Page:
Copy-pasting frameworks and expecting success is foolish
The most dysfunctional Agile transformations I’ve seen happen because companies try to copy-paste an Agile framework or scaling framework. This is especially true for bigger companies.
At the core of Agile and Scrum are self-managing, empowered teams. This usually comes more naturally to start-ups and scale-ups.
More layers, hierarchy, silos, coordination, top-down instructions, checklists, analysis, planning will never result in self-managing and empowered teams.
Copy-pasting the Spotify model or SAFe, and expecting success, is at best wishful thinking. What actually often happens is you are only making things worse. You are burying dysfunctions with more dysfunctions.
The bigger your organisation, the more it’s about removing and changing your organisation to fit with an Agile way of working.
You can’t copy-paste something on top and expect to be Agile. That’s like adding a cherry on top of a pizza so you can call it a cake. It doesn’t work that way.
We are awesome at coming up with things to add to make things better. When you’re big, you should start with removing and trimming organisational fat and changing the command and control mindset.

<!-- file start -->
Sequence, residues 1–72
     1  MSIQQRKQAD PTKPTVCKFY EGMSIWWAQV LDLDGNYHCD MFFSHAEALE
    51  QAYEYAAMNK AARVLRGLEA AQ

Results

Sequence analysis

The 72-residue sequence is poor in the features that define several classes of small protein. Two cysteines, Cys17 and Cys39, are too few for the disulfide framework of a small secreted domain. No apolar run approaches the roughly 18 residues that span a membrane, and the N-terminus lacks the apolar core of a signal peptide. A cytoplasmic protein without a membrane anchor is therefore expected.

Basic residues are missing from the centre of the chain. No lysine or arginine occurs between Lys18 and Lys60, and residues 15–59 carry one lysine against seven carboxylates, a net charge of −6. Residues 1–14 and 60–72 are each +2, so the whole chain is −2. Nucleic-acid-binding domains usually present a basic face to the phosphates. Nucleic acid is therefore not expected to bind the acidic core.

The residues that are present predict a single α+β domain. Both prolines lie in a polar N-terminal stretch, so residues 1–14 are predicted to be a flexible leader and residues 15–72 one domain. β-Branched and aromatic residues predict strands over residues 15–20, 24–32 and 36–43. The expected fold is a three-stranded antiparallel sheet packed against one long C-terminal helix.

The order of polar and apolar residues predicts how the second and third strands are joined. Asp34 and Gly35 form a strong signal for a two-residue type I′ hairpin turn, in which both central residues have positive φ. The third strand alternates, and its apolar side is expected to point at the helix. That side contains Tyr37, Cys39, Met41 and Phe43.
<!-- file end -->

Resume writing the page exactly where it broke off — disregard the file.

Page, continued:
Doing this is difficult, scary, and challenging. You need to get out of your comfort zone. You need to act yourself in a new way of thinking before you get it. It requires a leap of faith that is difficult to make for many. When you get it, it seems easy and obvious.
Many prefer to not do this (understandable) and as a result it is inevitable that the only thing you can do is preserve the status quo.
But you do have an Agile sauce on top you can use for window-dressing, which is the main function the Spotify model serves for many organizations (looking at you banks).
Scaling doesn’t start with adding, but with removing and changing your way of working.